Thomas Jefferson Papers

From Thomas Jefferson to John Trumbull, 27 March 1788

To John Trumbull

Amsterdam Mar. 27. 1788.

Dear Sir

I wrote you a line just as I was taking wing from Paris for this place. I expected to have staid here a week, and have been here three already, and know not yet the term of my stay. I hope however to get away in three or four days. I intend to make my return somewhat circuitous, in order to see what I have not yet seen. This renders the moment of my arrival at Paris incertain. In the mean while, the little balances I expected you would receive for me turning out less than I had calculated, you will be so good as to take one half of the inclosed bill of exchange to be applied as wanting to the purposes I had troubled you with. The other half, being £15. I will beg the favor of you to pay for me to Mr. Stockdale on account, letting him know at the same time that any letters he may have written to me since the last of February will be unanswered till I get back. The substantial answer however is that which you will give him as above desired.

Will you consult with some Amateur in classical reading to know who is the bookseller for classical authors in London, the most curious and copious, of whom one may get the particular editions they would wish, and send me his address? Give my love to Mrs. Church and Mrs. Cosway. Tell them they will travel with me up the Rhine, one on each hand, and for this I shall be indebted, not to any goodness of theirs, but to my own imagination, which helps me on cheerily over the dull roads of this world. God bless them and you, and Adieu. Yours affectionately,

Th: Jefferson

P.S. I must trouble you to send me from Mr. Woodmason 2. sets of wetting and drying books, 2 brushes and a ream of quarto copying paper of the best quality. Be so good as to notify it to Mr. Short that he may have it demanded at the bureau of the Diligence.

PrC (DLC). PrC of a Dupl (DLC); at head of text in TJ’s hand: “Copy.”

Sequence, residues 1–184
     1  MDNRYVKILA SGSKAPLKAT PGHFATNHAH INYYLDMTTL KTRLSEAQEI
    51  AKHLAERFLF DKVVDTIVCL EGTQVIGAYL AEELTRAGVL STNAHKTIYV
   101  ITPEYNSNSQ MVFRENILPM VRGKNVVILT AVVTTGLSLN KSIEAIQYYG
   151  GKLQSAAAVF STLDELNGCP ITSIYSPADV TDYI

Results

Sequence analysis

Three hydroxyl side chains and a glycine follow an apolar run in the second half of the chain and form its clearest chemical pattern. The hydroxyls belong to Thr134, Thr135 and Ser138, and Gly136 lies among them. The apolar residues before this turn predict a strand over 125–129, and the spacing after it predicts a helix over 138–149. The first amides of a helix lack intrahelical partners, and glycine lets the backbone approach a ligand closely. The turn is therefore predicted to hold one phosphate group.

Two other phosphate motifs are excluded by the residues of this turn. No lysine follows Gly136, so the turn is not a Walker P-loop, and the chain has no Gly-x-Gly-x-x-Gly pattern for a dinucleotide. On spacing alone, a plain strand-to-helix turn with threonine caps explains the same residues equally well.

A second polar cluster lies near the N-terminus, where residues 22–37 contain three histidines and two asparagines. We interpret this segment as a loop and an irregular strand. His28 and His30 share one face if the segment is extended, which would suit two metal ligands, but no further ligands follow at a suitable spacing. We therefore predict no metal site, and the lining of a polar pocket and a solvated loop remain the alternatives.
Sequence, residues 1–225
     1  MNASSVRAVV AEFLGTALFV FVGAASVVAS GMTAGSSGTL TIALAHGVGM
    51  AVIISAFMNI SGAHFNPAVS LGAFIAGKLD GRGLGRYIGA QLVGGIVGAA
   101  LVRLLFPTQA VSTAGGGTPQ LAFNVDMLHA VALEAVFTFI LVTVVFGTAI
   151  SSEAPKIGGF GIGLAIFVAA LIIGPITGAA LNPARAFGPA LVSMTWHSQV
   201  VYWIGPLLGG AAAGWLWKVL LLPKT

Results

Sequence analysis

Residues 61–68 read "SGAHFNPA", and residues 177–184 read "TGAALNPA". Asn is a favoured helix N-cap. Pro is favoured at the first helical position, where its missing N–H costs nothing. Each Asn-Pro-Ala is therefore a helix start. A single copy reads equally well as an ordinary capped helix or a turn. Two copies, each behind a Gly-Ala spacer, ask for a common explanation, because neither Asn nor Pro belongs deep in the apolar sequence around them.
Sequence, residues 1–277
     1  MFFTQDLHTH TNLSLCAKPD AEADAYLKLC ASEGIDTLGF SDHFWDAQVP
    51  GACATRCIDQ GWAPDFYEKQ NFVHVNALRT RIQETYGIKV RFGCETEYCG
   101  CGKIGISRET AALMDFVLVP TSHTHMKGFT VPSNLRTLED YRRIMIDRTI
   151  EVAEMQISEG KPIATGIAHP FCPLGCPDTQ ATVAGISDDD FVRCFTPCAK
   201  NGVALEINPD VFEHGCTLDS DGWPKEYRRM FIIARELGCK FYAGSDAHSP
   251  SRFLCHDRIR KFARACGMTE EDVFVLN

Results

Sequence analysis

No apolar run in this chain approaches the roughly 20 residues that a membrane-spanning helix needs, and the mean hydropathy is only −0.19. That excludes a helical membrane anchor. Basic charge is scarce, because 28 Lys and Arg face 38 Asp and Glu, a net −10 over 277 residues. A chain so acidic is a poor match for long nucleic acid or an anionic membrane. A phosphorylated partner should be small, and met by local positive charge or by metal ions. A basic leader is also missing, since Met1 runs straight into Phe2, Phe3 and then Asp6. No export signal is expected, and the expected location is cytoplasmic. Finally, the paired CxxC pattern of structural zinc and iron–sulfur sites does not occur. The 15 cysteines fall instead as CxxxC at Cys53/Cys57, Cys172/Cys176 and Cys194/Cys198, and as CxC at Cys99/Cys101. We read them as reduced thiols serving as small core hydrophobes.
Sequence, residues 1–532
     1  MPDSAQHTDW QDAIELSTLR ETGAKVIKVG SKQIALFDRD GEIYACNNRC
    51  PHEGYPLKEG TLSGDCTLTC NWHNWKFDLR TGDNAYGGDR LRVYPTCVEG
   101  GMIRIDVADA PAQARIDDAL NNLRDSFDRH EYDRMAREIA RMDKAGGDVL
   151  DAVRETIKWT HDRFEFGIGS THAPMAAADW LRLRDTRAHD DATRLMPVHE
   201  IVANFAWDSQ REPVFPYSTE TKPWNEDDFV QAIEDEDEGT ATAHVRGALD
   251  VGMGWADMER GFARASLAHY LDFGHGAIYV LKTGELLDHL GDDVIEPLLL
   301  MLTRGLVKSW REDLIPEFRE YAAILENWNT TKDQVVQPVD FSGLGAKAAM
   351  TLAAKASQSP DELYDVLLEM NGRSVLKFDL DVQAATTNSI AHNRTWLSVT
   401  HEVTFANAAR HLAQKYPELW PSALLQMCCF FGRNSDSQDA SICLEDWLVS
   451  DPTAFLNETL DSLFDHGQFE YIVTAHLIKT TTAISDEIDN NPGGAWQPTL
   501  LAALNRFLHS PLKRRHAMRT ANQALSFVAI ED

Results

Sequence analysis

The two sets of wetting and drying books were for use in connection with TJ’s copying press. Both were made up of coarse blotting paper, the former for moistening with brushes so that, when a sheet of the thin copying paper was placed in contact with the letter or document being copied and both were inserted between the leaves of the wetting book, a reverse offset impression resulted from the moisture and pressure; this impression could be read through the copying paper. The drying books were for removing most of the moisture that the letter copied had absorbed in the process, so that it could be folded, sealed, and posted. With the introduction of envelopes the need for the drying book was eliminated.—The original of this letter was sent through the Van Staphorsts and was returned because of insufficient address. Trumbull wrote TJ on 23 May that he had not received it and TJ forwarded a duplicate in his reply of 28 May 1788. Trumbull received the original and its enclosed bill of exchange on 20 June 1788. What appears to be a duplicate of the bill of exchange—“Second of Exchange (first not paid)”—is in DLC: TJ Papers, 38:6549; it is signed “Nic & Jac. van [Staphorst],” dated 28 Mch. 1788, and drawn in favor of TJ for £30 sterling on Messrs. Charles Herries & Co. of London, being endorsed by TJ in Trumbull’s favor and having the signature cancelled by being torn away. Its presence in TJ Papers indicates that the “First of Exchange” was paid and was evidently the one enclosed in the present letter; see TJ’s Account Book, 28 Mch. 1788.

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